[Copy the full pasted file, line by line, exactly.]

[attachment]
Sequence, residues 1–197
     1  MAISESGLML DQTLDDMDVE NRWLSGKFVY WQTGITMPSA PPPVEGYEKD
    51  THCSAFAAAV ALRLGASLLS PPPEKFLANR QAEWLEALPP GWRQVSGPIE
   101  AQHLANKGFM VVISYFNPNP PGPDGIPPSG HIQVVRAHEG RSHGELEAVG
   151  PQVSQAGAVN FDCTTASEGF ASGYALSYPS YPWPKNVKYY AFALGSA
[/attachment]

Sequence, residues 1–197
     1  MAISESGLML DQTLDDMDVE NRWLSGKFVY WQTGITMPSA PPPVEGYEKD
    51  THCSAFAAAV ALRLGASLLS PPPEKFLANR QAEWLEALPP GWRQVSGPIE
   101  AQHLANKGFM VVISYFNPNP PGPDGIPPSG HIQVVRAHEG RSHGELEAVG
   151  PQVSQAGAVN FDCTTASEGF ASGYALSYPS YPWPKNVKYY AFALGSA